The success of a cuvée depends largely on the quality of both the work done in the vines and the grapes that are harvested. Working the soil is particularly important; the estate abandoned chemical weeding a long time ago out of respect for the environment, mainly to protect the water resource and the micro-organisms in the soil. Using a modern and high-performance straddle tractor, we earth up the vines every winter, which protects them from extreme cold, severs the superficial roots, buries the weeds (natural green manure) and drains the plots to avoid compacting. In the spring, we carry out the unearthing and harrowing, and cut the grass as it comes up using an inter-row hydraulic trimmer. In total, then, we work the soil, passing through the vines six or seven times over the course of the year. Manual work remains our principal activity and begins with pruning, which is one of the most important operations for the sustainability of the plant and for the quality of the grapes; it is often what determines the yield of the vine. Single Guyot pruning is carried out taking care to leave only seven buds per vine. We maintain this pruning method by removing the shoots at the foot of each vine; this is the disbudding or shoot thinning in early May when the vines are budding. We also make sure to remove the double buds that grow on the vine, so that only seven branches remain. The next step is to train the vines, which is also very important because it avoids the accumulation of vegetation that would prevent the aeration of the grapes, which could promote botrytis. If the crop of grapes is too abundant (with up to fifteen bunches per vine), a green harvest is carried out after fruit set with the aim of leaving only seven to eight bunches per vine, a sufficient quantity to obtain a satisfactory yield of around 40 hectolitres per hectare. Green harvesting is carried out to optimise maturity and the concentration of phenolic compounds. The vines are topped three or four times by machine, so that the young shoots that can exhaust a vine are removed; the straddle tractor can then pass more easily, facilitating ploughing and plant protection treatments. It is indeed necessary to intervene against parasites: to this end, we follow the advice provided by the plant protection service and the Chamber of Agriculture. The interventions are reasoned and reasonable: we observe the vines regularly; thus, the estate no longer treats the vines systematically with sulphates. Whenever possible, the fight against vine moths is carried out using mating disruption capsules, which means poison-based treatments are avoided. Respect for traditional methods therefore remains crucial, all the while using modern means. By working in this way, we hope to preserve our precious terroir.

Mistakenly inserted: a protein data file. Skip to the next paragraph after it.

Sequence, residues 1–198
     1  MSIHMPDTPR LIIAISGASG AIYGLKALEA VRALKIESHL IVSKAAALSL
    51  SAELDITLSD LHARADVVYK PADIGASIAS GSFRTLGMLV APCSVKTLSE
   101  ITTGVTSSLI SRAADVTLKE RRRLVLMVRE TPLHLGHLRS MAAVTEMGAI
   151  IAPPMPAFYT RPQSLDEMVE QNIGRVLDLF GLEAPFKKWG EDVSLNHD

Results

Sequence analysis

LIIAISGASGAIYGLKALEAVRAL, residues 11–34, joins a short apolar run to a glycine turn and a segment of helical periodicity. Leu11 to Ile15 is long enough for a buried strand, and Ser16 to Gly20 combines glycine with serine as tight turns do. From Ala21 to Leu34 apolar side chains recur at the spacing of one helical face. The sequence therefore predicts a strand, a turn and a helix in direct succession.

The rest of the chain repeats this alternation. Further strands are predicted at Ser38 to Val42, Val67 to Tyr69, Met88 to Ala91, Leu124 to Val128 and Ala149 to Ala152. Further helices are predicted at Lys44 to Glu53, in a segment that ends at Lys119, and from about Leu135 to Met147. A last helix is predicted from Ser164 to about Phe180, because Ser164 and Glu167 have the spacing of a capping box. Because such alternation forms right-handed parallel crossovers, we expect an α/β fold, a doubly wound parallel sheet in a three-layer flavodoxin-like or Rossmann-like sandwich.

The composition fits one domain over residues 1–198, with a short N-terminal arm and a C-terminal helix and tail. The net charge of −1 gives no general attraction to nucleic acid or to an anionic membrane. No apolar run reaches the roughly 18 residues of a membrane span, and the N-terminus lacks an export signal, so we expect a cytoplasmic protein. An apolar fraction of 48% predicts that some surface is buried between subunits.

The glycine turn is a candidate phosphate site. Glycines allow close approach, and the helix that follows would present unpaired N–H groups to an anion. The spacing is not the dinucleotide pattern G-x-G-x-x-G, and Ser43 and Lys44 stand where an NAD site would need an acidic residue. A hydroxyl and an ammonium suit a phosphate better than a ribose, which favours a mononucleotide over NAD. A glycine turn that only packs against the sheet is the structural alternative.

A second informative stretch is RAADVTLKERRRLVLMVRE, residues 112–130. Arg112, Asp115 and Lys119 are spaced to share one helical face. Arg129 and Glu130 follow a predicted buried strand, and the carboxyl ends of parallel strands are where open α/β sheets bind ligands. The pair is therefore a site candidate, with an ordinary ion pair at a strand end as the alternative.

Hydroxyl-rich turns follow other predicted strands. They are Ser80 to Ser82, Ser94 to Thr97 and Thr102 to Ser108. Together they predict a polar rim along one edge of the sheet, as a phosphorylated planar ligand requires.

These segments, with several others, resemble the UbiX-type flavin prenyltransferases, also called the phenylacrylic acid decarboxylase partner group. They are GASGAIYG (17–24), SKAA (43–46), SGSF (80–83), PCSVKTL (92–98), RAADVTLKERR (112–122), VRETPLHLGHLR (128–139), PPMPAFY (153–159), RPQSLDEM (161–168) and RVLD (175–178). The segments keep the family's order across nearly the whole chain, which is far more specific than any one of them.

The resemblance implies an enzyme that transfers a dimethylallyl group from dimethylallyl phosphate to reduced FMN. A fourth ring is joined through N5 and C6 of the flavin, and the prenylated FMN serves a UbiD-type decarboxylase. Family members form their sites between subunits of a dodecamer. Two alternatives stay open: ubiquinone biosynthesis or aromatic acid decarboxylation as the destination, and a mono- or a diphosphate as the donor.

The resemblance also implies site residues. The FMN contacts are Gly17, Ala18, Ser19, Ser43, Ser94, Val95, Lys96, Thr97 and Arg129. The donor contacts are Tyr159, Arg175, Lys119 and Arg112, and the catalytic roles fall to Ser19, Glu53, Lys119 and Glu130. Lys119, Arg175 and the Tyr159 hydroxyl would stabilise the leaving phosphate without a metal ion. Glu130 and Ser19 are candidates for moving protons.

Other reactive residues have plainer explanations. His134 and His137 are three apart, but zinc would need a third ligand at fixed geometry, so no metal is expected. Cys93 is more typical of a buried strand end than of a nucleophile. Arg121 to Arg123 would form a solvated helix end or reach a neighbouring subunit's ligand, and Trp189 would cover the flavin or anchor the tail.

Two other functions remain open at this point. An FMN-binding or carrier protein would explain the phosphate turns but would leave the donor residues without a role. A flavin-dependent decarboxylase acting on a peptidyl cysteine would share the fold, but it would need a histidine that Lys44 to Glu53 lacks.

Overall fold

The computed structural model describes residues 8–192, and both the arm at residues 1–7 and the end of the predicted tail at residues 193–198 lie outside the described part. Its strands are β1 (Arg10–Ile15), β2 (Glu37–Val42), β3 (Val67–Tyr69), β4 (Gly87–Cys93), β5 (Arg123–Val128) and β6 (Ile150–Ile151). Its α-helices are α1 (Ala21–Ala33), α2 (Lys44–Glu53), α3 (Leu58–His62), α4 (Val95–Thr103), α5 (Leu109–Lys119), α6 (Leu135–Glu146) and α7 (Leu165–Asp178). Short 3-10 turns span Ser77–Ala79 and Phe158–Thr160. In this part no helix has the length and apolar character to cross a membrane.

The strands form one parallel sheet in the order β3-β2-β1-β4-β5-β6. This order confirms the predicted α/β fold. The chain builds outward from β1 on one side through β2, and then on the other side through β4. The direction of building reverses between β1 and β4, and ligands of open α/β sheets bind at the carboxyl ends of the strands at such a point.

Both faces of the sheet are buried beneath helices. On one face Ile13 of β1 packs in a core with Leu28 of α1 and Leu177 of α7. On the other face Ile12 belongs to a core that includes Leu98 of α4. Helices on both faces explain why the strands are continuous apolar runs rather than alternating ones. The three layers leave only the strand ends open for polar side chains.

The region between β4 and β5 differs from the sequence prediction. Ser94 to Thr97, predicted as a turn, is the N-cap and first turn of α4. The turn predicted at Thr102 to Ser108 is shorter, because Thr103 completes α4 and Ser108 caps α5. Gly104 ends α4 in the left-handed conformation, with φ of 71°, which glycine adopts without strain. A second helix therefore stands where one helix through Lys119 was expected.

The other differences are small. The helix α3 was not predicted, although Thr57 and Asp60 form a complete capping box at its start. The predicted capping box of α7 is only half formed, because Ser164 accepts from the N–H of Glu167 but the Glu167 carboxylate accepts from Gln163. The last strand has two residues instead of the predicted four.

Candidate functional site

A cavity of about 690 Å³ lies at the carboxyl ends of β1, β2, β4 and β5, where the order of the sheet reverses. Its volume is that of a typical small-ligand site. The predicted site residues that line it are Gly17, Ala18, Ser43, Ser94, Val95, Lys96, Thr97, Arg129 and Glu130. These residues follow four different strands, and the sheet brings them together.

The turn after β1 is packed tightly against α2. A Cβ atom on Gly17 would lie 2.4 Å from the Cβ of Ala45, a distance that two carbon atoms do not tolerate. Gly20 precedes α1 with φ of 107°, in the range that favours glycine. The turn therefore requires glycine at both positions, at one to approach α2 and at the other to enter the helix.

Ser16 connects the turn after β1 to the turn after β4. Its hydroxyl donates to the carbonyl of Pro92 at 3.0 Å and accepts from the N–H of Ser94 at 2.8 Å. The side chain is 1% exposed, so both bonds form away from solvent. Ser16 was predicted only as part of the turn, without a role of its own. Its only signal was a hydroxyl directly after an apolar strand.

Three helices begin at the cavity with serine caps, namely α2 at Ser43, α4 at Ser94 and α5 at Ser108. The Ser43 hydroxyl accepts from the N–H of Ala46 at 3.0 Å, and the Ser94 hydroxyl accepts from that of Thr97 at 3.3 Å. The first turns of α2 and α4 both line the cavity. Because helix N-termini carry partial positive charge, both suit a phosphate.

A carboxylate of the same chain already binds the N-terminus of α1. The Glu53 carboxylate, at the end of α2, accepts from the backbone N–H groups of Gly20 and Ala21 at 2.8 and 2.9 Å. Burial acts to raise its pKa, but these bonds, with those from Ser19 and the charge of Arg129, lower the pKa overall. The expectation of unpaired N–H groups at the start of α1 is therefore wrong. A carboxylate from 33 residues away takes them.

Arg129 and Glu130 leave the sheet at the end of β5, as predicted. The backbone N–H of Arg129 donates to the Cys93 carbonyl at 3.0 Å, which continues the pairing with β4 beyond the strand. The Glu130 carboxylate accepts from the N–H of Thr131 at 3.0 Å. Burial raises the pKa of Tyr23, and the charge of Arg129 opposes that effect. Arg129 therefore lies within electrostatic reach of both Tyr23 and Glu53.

Winemaking

After consulting the various analyses carried out by the oenological laboratories just before harvesting, we carefully observe the maturation of the grapes in our vines by carrying out taste analyses and measurements of acidity and sugar. We determine the harvest date and the order of harvesting the different plots according to the state of the grapes. With the help of 25 pickers, we can start the harvest: the grapes are sorted in the vineyard to eliminate those that are not perfectly healthy or not ripe enough; the harvest is then brought back to the winery in boxes. The fully renovated winery is equipped with open enamel vats and top-of-the-range stainless steel vats. Wine is a noble product and must not be mishandled at any stage of its life: on the strength of this conviction, the estate has invested in equipment of the highest technological level in recent years. First, the stainless steel destemmer with variable speed control is used to destem the bunches gently and gradually, without crushing the berries and causing them to burst. Once filled, the vat is unified and cooled to a temperature of 9 °C using a heat exchanger: the cold pre-fermentation maceration phase lasts for about five to six days. The beginning of alcoholic fermentation then takes place naturally with indigenous yeasts, resulting in those sought-after flavours of the terroir. During the fermentation phase, punching down occurs twice daily, now facilitated by a modern pneumatic punching down line. Pumping over is also carried out at the end of fermentation, as well as rack and return. Follow-up analyses are carried out daily; the temperature is carefully controlled so as not to exceed 32 °C during fermentation. After about 15 days in the vat, depending on the cuvées and the vintage, the fermentation is complete. Then comes devatting when the must is sent to the press: we are now equipped with a pneumatic stainless steel system, which guarantees perfect quality – pressing is carried out gently at low pressure (compressed air in a flexible membrane). After 24 to 36 hours of débourbage, the wines are sent using gravity to barrels in the cellar; depending on the cuvée, we use 20% to 50% new barrels from different forests (Allier, Limousin, Nièvre and Tronçais). The technique of maturation on the lees in barrels gives greater organoleptic potential to the wines; the use of barrels, however, must be reasonable: the oak must be a means rather than an end. The woody character should support and strengthen the wine, but not dominate it. Contact with the wood adds pleasant qualities when tasting, and a sweet vanilla scent. Above all, maturation in barrels means continuous moderate oxygenation can occur through the air that is believed to pass through the wood and certainly through the bunghole and the joints between the staves. There is also a dissolution of extractable compounds of the wood in the wine. For good results, the wine put into the barrels must be balanced and rich enough in tannins and anthocyanins; otherwise it will show dryness and become lean. The trace left by the wood will be as discreet as the wine is rich and structured. The barrels are topped up regularly to compensate for any loss due to evaporation. Throughout the maturation process, numerous tastings and analyses are carried out to follow the evolution of the wine. Racking is carried out, if necessary, after malolactic fermentation.